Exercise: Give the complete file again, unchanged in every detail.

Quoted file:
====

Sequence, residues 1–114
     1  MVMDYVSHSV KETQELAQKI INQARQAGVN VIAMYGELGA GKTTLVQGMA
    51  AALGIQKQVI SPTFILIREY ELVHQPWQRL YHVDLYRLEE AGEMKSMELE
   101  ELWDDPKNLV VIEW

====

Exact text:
Sequence, residues 1–114
     1  MVMDYVSHSV KETQELAQKI INQARQAGVN VIAMYGELGA GKTTLVQGMA
    51  AALGIQKQVI SPTFILIREY ELVHQPWQRL YHVDLYRLEE AGEMKSMELE
   101  ELWDDPKNLV VIEW